Rereading may confirm empirical description but past interpretations are unsettled by new empirical accounts. New knowledge has the effect, as Barbara Adam (1990:143) observes, of making the ‘past as revocable and hypothetical as the future’.  In the most recent of the three papers the apparently foundational role of poverty elaborated in our first paper is reinterpreted. New data from relatively affluent grandparents describe the barriers they face in accessing services and the ways in which these experiences make them vulnerable. This knowledge has the effect of reconstituting the original transcripts, shifting attention away from the determining role of poverty to relationships with service providers in which poverty may play a generative part. These data evoke new interpretations. But it is not only new empirical accounts that reshape this longitudinal engagement, new ideas are at play.

In this blog I have suggested that new empirical accounts change how we understand and interpret existing data. To ascribe reinterpretation only to these insights is not enough however. Explanations rely on more than reconstructing empirical accounts in the light of new insight. For a realist like me theories guide the reading of the original transcripts and the collection of new data. Theories are practical things, bundles of hypotheses to be judged and refined empirically. We started with a theory about time as a chronological progression of events, as is explained in the first paper. For our participants, they noticed little difference as recession merged with recession all the way back to the closure of the estate’s main employer in 1984. This theory was found wanting when we came to looking at young grandparenthood and engagement with service provision in the second paper. A refined theoretical account of the social conscience of generational and institutional time supported explanation. These theories, like the empirical accounts of the social world they are brought into a relation with, are revocable and only ever relatively enduring.

To paraphrase the Greek philosopher Heraclitus, no researcher ever steps into the same river twice, for it is not the same river and it is not the same researcher. Revisiting yesterday’s data today reminds us of these methodological lessons in qualitative longitudinal research.


Adam, B (1990) Time and social theory Polity Press, Cambridge.

Emmel, N. (2017) Empowerment in the relational longitudinal space of vulnerability. Social Policy and Society. July.

Emmel, N. & Hughes, K. (2010) “‘Recession, it’s all the same to us son’: the longitudinal experience (1999-2010) of deprivation”, 21st Century Society, vol. 5, no. 2, pp. 171-182.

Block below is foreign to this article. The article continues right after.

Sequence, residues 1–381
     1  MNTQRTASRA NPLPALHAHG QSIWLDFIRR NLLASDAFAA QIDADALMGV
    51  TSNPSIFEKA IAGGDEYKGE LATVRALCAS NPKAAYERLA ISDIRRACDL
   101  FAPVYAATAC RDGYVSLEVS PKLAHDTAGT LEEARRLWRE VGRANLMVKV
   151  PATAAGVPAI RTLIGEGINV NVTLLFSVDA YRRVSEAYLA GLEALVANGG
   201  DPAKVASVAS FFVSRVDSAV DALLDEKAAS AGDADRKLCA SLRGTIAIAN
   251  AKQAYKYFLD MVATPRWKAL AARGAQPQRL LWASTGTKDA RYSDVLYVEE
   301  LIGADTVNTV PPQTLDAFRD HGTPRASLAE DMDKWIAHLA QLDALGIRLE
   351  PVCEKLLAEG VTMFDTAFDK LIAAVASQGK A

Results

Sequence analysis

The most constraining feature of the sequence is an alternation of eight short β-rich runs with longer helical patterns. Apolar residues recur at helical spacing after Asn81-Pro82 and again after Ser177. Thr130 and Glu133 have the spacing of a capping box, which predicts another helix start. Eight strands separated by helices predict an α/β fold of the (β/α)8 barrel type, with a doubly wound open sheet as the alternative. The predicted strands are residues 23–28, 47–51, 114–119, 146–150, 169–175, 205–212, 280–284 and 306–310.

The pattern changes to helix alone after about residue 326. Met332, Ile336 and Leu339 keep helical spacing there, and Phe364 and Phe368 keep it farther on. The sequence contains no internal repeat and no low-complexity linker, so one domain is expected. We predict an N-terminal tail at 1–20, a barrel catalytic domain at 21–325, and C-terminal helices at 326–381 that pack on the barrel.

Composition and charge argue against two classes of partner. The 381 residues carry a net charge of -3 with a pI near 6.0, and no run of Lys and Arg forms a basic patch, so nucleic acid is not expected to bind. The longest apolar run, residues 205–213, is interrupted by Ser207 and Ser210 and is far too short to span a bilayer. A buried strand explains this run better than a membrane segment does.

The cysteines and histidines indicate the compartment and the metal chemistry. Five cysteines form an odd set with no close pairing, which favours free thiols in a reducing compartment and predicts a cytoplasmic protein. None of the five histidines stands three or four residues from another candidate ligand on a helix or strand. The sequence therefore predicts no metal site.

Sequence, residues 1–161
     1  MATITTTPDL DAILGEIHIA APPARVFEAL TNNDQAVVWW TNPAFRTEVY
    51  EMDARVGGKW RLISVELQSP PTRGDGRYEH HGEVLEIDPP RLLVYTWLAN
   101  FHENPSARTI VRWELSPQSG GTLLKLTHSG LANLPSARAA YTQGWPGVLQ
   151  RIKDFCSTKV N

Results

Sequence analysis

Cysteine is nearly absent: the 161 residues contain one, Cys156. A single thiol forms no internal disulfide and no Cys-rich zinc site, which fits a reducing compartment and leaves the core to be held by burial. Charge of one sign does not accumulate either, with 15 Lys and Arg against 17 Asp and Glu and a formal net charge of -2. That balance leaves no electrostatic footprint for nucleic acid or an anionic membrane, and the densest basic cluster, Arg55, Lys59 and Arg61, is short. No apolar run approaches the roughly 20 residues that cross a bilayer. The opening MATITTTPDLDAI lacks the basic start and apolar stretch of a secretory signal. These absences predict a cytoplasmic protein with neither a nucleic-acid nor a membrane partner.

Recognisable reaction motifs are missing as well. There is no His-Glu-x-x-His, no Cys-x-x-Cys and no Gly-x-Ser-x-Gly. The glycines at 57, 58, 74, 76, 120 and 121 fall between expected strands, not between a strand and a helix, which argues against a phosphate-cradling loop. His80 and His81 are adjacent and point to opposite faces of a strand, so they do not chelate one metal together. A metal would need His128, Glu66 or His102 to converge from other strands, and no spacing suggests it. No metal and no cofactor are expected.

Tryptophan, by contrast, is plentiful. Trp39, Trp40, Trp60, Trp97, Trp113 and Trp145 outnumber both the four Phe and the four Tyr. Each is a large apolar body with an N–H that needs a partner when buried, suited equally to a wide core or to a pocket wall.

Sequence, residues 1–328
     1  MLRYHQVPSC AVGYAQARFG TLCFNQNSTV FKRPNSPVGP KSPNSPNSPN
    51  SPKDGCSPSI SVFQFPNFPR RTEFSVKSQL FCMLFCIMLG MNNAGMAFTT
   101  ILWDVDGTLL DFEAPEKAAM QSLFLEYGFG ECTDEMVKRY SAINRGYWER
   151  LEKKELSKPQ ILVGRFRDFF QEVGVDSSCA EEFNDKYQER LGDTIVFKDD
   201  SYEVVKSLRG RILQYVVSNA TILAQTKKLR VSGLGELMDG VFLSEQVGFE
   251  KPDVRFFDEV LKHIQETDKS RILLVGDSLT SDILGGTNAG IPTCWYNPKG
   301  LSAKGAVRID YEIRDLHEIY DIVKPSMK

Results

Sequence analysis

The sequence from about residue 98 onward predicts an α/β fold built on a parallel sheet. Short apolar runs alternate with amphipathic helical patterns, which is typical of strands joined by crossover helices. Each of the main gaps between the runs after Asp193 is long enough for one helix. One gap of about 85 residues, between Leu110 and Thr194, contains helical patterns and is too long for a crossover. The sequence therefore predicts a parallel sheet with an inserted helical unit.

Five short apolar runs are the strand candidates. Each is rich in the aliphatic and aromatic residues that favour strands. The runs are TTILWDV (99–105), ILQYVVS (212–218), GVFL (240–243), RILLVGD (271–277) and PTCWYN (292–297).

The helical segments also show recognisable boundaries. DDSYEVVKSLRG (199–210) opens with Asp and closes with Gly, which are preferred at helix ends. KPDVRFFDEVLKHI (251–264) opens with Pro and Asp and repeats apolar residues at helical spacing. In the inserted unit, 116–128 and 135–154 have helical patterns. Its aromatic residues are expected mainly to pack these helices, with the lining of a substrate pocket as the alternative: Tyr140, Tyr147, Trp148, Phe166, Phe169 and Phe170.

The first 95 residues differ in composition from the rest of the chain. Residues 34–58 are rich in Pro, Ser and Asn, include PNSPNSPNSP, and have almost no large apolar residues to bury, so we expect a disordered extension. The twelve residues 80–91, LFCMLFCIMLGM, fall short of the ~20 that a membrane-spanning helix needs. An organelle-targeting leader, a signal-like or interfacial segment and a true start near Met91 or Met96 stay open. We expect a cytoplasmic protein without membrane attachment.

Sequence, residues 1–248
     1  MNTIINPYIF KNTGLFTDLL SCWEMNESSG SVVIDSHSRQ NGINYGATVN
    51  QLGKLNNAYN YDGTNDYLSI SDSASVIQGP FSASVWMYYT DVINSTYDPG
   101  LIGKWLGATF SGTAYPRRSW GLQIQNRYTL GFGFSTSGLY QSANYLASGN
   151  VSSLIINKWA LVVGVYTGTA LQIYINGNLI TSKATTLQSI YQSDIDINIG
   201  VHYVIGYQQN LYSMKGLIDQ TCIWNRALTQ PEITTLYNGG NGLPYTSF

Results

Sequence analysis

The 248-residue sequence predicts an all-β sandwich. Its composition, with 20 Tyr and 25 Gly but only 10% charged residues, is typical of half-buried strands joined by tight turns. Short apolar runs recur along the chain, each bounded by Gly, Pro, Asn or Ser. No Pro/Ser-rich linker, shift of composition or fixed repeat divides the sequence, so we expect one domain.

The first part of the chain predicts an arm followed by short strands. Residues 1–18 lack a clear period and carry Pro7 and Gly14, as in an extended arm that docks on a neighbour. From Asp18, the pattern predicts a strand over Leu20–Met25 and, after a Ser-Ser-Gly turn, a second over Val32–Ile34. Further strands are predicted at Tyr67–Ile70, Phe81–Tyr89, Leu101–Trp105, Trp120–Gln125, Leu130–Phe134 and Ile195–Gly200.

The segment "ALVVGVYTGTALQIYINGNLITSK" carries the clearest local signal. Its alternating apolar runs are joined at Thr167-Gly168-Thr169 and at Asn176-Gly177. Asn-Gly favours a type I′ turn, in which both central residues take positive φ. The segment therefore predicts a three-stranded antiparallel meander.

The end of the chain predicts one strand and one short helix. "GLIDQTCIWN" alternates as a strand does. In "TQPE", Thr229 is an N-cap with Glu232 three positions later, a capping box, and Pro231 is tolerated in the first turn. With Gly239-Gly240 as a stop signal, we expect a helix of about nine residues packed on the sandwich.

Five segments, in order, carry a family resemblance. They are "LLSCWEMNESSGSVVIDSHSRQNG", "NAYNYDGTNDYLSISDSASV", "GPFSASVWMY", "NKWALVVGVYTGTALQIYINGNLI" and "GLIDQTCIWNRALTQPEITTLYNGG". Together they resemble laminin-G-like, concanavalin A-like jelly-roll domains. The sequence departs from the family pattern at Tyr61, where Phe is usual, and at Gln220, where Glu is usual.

Emmel, N. & Hughes, K. (2014) “Vulnerability, inter-generational exchange, and the conscience of generations,” in Understanding Families over Time: Research and Policy, Holland J & Edwards R, eds., Palgrave, Basingstoke.

Image source: Fosco Lucarelli (


Dec 03

Research team blog 6: Getting out of the swamp

annaDear friends,

We have been working with Dr Anna Tarrant during the course of our project (Anna was our first guest blogger – read again here). Anna’s research, ‘Men, Poverty and Lifetimes of Care’, is funded by the Leverhulme Trust and University of Leeds and is exploring change and continuities in the care responsibilities of men who are living on a low-income. Like our project, Anna is drawing on data from the Timescapes research programme, including Following Young Fathers and Intergenerational Exchange.

Anna has a great new article out in which she looks at how the secondary analysis of thematically related qualitative longitudinal (QL) datasets might be used productively in qualitative research design.

The article abstract is below, as is a link to the full text. Happy reading!

Anna Tarrant (2016): ‘Getting out of the swamp? Methodological reflections on using qualitative secondary analysis to develop research design’, International Journal of Social Research Methodology, DOI: 10.1080/13645579.2016.1257678

In recent years, the possibilities and pitfalls of qualitative secondary analysis have been the subject of on-going academic debate, contextualised by the growing availability of qualitative data in digital archives and the increasing interest of funding councils in the value of data re-use. This article contributes to, and extends these methodological discussions, through a critical consideration of how the secondary analysis of thematically related qualitative longitudinal (QL) datasets might be utilised productively in qualitative research design. It outlines the re-use of two datasets available in the Timescapes Archive, that were analysed to develop a primary empirical project exploring processes of continuity and change in the context of men’s care responsibilities in low-income families. As well as outlining the process as an exemplar, key affordances and challenges of the approach are considered. Particular emphasis is placed on how a structured exploration of existing QL datasets can enhance research design in studies where there is limited published evidence.

Nov 14

Research team blog 5: Time in Timescapes